Subject: Re: Eight Features of an Ideal Intro Stat Course
         (Response to comments by Karl L. Wuensch)

     To: EdStat-L and

   From: Donald B. Macnaughton <>

   Date: Sunday May 9, 1999

     Cc: Karl L. Wuensch <PSWUENSC@ECUVM.CIS.ECU.EDU>

Referring to a November 25 post of mine, Karl Wuensch writes (on 
November 26)

> Donald Macnaughton ... suggests:
>> ... I recommend that statistics teachers omit discussing uni-
>> variate distributions near the beginning of the introductory
>> course.  I recommend that teachers instead concentrate on dis-
>> cussing relationships between variables.
>    Don goes on to explain why (univariate is boring, bivariate 
> not) and challenges us to describe univariate exercises that
> are not boring.  I do cover univariate distributions before I
> get on to bivariate and multivariate distributions, and do warn
> my students that these can be boring compared to what is to
> follow.  

To illustrate why univariate distributions are boring compared to 
relationships between variables, suppose that as statisticians we 
are interested in some real-world variable, which I shall call Y.  
We can empirically study Y in two different ways:

1. We can study the *relationship* between Y (as the response 
   variable) and other appropriate variables (as predictor vari-

2. We can study the univariate distribution of Y in isolation.

The second way of studying Y is simply a degenerate case of the 
first.  That is, studying the univariate distribution of ANY 
variable Y is rigorously equivalent (mathematically and empiri-
cally) to studying the relationship between Y and a set of pre-
dictor variables in the limiting case when the number of predic-
tor variables is reduced to zero.

Since the first way of studying Y subsumes the second, and since 
the first way generally gives us much better ability to predict 
and control the values of Y, the first (relationship-between-
variables) way of studying Y is more interesting than the second.  
That is, studying univariate distributions is boring compared to 
studying relationships between variables.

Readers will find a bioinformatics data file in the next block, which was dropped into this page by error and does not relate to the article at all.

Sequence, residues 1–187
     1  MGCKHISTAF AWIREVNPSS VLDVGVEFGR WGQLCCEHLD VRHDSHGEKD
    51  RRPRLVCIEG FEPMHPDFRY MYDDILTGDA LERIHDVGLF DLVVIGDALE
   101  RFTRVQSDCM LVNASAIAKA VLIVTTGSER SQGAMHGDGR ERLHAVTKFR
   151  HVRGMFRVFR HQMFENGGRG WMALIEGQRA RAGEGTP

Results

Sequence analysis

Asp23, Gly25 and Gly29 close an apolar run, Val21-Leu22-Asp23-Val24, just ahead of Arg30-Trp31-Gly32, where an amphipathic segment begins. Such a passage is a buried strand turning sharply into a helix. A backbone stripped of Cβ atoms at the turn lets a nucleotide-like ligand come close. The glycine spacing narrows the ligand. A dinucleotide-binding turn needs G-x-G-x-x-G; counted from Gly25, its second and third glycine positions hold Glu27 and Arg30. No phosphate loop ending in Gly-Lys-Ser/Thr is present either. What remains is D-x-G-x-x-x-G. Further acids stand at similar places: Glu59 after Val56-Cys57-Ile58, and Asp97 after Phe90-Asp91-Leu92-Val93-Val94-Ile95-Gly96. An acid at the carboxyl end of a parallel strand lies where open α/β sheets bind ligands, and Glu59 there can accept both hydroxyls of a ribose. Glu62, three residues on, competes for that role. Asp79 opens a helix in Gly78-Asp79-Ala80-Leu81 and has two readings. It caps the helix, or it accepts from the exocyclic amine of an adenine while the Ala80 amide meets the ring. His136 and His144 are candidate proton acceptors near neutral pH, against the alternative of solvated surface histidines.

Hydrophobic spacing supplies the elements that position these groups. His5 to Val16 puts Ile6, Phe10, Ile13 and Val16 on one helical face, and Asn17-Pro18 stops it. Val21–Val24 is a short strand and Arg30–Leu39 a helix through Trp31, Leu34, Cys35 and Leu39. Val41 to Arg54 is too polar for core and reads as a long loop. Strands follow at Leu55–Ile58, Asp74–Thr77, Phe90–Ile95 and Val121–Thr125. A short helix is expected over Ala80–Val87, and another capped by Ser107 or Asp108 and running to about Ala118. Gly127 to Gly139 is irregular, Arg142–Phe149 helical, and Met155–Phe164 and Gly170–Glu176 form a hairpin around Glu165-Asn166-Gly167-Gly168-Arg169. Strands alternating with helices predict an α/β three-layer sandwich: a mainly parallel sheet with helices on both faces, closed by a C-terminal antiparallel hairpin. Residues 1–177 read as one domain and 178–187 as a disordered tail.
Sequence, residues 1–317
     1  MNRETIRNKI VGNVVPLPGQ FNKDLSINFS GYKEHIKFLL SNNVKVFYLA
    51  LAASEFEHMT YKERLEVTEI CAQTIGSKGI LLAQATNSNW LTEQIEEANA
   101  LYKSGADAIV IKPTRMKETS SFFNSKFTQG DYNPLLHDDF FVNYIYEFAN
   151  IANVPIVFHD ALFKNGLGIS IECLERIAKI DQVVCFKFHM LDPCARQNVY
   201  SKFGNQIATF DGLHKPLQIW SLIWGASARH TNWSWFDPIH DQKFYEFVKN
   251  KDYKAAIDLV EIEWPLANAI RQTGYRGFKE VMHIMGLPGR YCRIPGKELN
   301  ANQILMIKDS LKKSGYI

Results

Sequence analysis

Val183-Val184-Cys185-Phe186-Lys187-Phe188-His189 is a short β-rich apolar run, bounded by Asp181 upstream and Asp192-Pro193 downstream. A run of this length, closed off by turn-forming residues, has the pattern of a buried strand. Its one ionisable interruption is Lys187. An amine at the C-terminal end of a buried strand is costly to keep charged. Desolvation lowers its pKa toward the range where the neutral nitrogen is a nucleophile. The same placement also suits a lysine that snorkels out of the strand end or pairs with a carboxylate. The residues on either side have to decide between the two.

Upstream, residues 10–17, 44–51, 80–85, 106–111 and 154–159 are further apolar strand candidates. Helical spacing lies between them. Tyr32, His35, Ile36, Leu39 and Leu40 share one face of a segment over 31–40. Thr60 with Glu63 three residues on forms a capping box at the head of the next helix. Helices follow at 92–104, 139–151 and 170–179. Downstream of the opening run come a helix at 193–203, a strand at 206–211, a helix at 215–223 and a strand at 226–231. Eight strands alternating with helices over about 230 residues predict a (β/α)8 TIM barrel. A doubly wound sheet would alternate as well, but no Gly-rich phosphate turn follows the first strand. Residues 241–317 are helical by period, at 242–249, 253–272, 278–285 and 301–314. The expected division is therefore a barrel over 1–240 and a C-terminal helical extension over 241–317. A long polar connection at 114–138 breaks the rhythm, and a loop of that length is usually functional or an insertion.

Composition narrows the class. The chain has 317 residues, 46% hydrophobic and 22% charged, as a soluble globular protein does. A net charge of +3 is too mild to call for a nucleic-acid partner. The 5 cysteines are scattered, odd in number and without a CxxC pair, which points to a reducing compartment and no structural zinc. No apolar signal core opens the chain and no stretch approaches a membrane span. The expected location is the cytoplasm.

(I list the topics I include under the general topic of univari-
ate distributions in appendix A.  Note that my recommendation to 
omit discussing univariate distributions near the beginning of 
the introductory course applies only for students who are NOT ma-
joring in statistics -- students majoring in statistics do need 
to understand univariate distributions early in their careers.)

> I try to choose variables which my students will find interest-
> ing because they want to compare their own score on that vari-
> able with those of other persons.  For example, I collect from
> my students the first week of class a crude measure of how
> frightened of statistics they are.  They always seem to be in-
> terested in where their score falls in that distribution.

Karl gives an example of an empirical univariate distribution 
that is clearly interesting to students.  It is interesting be-
cause most students wish to know where they (as individuals) fall 
in various distributions.  That is, they wish to know how "nor-
mal" or how "average" they are.  

But although the study of the univariate distribution of "fear of 
statistics" is clearly interesting, there are two reasons why I 
believe this study fails to provide an effective example of the 
practical use of statistics:  

First, most statisticians view the field of statistics as a set 
of techniques to help us generalize from findings (of patterns) 
in a sample to correct statements about a population.  That is, 
in almost every use of statistics in empirical research the re-
searcher is not merely interested in the entities in the sample.  
Instead, he or she hopes to be able to make useful generaliza-
tions from the information gathered in the sample to the other 
entities in the population.

However, Karl is focusing on where each individual student falls 
in the univariate distribution of the fear scores.  Thus the ex-
ample is NOT generalizing from findings in a sample to statements 
about a population.  Instead, the example is "particularizing" 
from findings in the sample to statements about *individuals in 
the sample*, which is backwards.  Thus the example is not a typi-
cal use of statistics in empirical research.

I believe that Karl's students are interested in the univariate 
distribution in his example because it teaches them about *them-
selves*.  But (with apologies to Karl, who clearly has good in-
tentions) the example (because it is backwards) does not intro-
duce students to any important ideas about the (standard) practi-
cal use of statistics.

                            *   *   *

A second reason why study of the univariate distribution of "fear 
of statistics" is not an effective example of the practical use 
of statistics is that studying the univariate distribution of 
some variable in isolation usually has no obvious significant so-
cial payoff.  

By "social payoff", I mean that an effective example will provide 
some clear *basis for action* on the part of some person or group 
(Scheaffer 1992, p. 69).  I recommend that each example in an in-
troductory statistics course have an obvious social payoff be-
cause if we consistently demonstrate obvious payoffs in our exam-